Posted on January 27, 2016
January 27, 2016 | by Bryne Yancey
Anyone who’s visited Gainesville or has even heard of Gainesville knows that it’s been a hotbed for underground punk music for decades now.
There’s not much of a mystique as to why. As a middle-sized, fairly isolated college town in inland north Florida where the only thing cheaper than the rent is maybe the beer, and where wide openness and cheap practice spaces on the outskirts of town encircle downtown and its several venerable venues, well, what the hell else are people supposed to do there when they’re young and full of piss and vinegar?
Gainesville’s punk scene has managed to integrate a lot more musical diversity in recent years, too (though it could always use more gender and racial diversity while we’re at it, but really, what scene couldn’t use that). This isn’t just burly white dudes poorly yelling about how drunk and sad they are anymore, or maybe it was never just that, but that always seemed to be the pervading reputation of “Fest punk” or “Orgcore.” But there’s more textural variety, dexterous musicianship and encouraging creativity than that. The Gainesville sound is a mosaic, rather than a stark, throaty-yelled work of tunnel-visioned minimalism. Edmonton’s new 7-inch No is proof of that.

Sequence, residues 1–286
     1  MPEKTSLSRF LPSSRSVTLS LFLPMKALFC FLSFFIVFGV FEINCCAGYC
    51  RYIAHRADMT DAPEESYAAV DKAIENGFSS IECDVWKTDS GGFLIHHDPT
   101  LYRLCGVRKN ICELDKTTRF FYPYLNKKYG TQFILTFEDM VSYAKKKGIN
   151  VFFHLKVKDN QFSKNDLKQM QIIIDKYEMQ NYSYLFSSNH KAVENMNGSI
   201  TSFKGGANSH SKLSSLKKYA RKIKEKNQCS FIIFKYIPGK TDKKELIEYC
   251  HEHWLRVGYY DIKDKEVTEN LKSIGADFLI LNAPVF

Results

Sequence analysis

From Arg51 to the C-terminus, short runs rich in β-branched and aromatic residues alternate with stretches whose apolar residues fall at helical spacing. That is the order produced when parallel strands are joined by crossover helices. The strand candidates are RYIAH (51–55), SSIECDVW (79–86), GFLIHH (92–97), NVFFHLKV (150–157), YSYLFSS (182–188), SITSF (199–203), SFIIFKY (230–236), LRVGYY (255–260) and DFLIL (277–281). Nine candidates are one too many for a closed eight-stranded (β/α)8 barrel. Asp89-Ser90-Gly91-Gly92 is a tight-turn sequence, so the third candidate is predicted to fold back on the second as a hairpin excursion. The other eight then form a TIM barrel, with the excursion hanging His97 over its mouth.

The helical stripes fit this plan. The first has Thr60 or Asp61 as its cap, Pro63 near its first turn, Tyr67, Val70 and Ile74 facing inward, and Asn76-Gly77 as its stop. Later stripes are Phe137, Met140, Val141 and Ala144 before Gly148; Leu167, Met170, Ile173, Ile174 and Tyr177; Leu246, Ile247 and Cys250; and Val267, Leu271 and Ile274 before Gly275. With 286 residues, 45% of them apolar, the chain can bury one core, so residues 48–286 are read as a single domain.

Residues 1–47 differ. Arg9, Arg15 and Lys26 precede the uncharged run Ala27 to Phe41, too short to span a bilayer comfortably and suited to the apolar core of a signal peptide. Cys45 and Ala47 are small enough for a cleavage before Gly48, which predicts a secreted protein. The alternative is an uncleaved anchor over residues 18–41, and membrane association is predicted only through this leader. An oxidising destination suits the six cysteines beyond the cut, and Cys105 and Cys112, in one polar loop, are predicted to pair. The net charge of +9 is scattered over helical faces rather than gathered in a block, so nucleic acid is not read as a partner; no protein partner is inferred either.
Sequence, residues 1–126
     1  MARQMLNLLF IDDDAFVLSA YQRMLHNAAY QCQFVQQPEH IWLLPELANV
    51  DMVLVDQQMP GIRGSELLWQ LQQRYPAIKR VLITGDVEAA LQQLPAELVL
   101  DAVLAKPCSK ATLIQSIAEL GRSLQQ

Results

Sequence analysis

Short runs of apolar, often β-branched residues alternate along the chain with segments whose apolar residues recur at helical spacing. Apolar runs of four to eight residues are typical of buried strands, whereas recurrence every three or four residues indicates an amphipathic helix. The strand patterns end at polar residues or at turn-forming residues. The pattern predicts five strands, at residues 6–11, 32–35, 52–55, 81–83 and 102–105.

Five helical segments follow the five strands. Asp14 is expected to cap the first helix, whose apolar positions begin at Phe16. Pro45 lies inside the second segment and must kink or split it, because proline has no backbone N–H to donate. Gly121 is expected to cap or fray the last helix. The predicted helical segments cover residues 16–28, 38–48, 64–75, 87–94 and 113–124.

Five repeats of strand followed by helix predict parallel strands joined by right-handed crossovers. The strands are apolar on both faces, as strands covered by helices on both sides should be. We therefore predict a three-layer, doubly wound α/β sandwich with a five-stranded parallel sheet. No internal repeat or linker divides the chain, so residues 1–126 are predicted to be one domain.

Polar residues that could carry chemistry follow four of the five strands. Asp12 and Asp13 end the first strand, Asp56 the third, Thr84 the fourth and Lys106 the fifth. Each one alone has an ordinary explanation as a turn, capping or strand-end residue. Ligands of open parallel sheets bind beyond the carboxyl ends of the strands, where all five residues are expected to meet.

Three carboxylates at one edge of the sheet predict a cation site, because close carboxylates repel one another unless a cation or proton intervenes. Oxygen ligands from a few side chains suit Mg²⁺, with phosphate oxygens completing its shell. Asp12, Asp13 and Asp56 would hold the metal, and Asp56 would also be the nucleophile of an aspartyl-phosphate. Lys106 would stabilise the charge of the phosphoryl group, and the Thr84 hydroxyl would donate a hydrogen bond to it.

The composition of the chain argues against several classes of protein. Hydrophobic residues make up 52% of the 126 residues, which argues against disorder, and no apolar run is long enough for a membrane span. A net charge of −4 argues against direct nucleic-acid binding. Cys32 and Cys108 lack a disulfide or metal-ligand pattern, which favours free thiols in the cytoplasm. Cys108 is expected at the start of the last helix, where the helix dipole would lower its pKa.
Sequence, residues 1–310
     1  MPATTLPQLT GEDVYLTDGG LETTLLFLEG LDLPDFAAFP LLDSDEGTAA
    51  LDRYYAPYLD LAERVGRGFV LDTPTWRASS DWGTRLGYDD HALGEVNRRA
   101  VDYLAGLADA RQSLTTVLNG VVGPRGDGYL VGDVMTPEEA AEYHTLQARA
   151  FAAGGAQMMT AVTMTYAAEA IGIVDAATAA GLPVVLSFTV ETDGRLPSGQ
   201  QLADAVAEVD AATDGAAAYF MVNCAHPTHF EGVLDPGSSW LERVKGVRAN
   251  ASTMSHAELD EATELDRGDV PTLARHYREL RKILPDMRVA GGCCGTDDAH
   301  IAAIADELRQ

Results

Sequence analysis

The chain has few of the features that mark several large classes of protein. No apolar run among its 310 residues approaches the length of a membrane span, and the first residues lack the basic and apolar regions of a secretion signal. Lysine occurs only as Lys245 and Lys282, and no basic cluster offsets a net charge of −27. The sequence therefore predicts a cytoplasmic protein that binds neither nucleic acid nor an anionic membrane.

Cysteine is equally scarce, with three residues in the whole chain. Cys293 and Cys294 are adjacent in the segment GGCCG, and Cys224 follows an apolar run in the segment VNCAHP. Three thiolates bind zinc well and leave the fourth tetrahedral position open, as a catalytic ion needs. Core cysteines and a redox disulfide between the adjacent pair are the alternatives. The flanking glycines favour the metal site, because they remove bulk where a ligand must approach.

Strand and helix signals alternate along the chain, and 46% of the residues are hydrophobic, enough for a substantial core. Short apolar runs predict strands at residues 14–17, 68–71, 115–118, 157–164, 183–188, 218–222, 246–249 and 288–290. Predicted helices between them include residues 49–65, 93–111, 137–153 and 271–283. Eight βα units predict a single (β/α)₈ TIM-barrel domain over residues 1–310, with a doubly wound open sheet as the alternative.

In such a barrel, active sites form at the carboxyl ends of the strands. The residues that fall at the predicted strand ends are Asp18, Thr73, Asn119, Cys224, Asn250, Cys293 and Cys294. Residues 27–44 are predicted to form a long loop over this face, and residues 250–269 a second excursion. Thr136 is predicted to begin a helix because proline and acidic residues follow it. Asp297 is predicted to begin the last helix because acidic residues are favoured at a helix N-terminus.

The most immediately noticeable aspect of Edmonton is the care they take with regards to tone. It almost sounds like an afterthought, like, don’t all bands do that? No, not like this. Notice how “Cut It Out,” premiered below, begins in a wall of feedback before the tight rhythm section kicks in. Then notice how the feedback warmly lingers in the background for the duration of the first verse around that audibly tight rhythm section. Notice especially how great the bass sounds. There’s a certain degree of warmth to the entire proceeding that’s quite appealing. The structure of the song is interesting, too; the brevity of one verse, two choruses and a couple of slick build-ups is an eminently replayable construction.